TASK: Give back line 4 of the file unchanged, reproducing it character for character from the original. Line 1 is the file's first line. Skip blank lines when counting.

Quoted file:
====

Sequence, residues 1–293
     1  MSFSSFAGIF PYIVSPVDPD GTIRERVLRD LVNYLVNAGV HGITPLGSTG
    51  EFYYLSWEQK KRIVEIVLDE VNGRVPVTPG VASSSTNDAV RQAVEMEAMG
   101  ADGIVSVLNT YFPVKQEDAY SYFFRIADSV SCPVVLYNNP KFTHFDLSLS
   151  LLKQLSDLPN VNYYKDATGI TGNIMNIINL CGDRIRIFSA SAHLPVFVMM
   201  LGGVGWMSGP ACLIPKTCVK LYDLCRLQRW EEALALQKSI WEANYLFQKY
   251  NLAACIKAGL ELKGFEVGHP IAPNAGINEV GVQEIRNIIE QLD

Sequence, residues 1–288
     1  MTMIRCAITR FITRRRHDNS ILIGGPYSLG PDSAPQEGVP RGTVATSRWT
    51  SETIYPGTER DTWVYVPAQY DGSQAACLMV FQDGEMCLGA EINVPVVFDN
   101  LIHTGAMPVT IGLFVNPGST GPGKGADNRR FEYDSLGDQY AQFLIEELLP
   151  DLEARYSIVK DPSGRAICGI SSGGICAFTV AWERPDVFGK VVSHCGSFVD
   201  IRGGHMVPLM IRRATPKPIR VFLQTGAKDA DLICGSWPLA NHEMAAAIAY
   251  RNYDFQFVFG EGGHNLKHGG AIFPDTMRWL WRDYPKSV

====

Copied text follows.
   101  ADGIVSVLNT YFPVKQEDAY SYFFRIADSV SCPVVLYNNP KFTHFDLSLS